From Brancusi, to Arp, to Bourgeoise, to Puryear, a central trait of twentieth century sculpture is its attempt to resolve the tension between organic and industrial form. Over the past three decades, French sculptor Toni Grand has fused minimal and organic forms on terms of the organic and technological ready-made. Alongside a stunning body of nature-based abstract forms, using wood and other organic materials, Grand produced work consisting of open, primary, geometric shapes (fiber-glass drums, empty aluminum frames, triangular saw-horses) that incorporated resine-dipped eels. A shocking and striking counterpoint to these industrially produced forms, the stiffened eels serve as a ready-made unit of measure, determining the overall dimensions of a given work. In his most recent work, Grand continues his investigation into nature/culture debates, shifting his focus from the amphibian to the technological ready-made.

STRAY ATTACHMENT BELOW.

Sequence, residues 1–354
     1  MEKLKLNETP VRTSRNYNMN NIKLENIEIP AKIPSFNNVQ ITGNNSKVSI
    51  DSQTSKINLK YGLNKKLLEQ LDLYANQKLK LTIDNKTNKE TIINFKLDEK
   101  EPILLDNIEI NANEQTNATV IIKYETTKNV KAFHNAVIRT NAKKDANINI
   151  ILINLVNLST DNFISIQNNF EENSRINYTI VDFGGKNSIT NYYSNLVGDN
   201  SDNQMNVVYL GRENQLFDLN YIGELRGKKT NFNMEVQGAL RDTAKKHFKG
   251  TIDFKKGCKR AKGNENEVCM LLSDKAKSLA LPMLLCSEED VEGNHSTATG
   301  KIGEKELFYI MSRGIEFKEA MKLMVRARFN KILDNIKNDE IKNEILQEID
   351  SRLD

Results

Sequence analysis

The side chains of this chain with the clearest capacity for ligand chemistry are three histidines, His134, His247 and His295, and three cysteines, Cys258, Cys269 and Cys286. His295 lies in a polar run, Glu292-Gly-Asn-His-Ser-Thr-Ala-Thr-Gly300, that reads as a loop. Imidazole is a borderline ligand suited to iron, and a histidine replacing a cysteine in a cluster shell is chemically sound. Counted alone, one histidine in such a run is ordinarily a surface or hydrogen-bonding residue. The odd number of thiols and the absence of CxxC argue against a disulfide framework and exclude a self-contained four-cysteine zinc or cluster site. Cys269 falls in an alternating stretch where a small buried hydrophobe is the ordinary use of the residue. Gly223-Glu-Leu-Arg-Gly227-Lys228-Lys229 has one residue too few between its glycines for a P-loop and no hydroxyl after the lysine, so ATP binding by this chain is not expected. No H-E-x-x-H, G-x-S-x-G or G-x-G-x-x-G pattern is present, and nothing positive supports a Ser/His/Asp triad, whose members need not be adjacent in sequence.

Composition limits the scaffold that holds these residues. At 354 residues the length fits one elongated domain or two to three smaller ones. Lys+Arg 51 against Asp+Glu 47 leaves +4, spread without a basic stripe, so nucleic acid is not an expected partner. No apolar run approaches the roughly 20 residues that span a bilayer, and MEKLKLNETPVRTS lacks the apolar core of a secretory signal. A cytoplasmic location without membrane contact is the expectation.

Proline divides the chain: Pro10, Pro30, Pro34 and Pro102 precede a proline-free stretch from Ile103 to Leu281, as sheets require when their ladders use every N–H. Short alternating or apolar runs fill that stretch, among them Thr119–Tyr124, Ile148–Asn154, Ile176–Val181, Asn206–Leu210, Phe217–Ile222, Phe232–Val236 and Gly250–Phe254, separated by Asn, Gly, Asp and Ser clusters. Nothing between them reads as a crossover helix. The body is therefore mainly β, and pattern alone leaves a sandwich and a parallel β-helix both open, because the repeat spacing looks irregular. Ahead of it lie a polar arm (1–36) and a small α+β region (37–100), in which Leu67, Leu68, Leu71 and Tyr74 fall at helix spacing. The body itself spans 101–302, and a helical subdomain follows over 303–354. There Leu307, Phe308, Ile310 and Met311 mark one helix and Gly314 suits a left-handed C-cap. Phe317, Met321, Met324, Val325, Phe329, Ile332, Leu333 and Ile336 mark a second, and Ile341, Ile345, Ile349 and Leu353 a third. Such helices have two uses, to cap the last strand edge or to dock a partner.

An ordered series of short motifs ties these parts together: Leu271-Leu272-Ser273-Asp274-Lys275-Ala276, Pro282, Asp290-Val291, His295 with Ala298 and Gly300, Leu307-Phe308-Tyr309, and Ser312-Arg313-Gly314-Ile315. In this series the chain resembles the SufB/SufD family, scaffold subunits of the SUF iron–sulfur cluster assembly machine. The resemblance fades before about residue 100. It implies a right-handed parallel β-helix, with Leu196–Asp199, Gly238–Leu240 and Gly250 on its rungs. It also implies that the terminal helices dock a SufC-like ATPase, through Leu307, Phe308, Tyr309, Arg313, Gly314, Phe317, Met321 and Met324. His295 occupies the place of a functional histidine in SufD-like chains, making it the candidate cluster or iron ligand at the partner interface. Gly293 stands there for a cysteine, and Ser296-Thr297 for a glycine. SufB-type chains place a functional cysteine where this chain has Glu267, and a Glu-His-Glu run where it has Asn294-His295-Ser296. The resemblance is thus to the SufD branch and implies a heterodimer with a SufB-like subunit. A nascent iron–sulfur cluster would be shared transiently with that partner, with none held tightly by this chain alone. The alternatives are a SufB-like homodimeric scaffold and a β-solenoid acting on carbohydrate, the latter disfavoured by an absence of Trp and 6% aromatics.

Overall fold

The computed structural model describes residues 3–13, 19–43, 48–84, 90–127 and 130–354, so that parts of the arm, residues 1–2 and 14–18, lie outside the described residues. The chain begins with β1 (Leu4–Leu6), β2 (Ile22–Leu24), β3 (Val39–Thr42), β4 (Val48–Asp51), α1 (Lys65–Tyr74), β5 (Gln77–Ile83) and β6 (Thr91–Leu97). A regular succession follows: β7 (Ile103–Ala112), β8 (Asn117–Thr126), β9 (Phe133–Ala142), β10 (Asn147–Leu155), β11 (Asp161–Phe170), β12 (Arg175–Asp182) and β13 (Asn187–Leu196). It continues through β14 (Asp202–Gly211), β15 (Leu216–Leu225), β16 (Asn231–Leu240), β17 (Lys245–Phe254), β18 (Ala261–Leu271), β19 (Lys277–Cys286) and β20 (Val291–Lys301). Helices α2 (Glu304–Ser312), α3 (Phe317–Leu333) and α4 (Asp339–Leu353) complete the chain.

The Society's exhibition which is Grand's United States museum debut, will be a site specific installation whose two central components - large, tangled volumes made with hundreds of irregular, hand-crafted, wooden loops - are juxtaposed against a laser beam projected across the gallery and a hydraulic lift used to assemble on of the main components.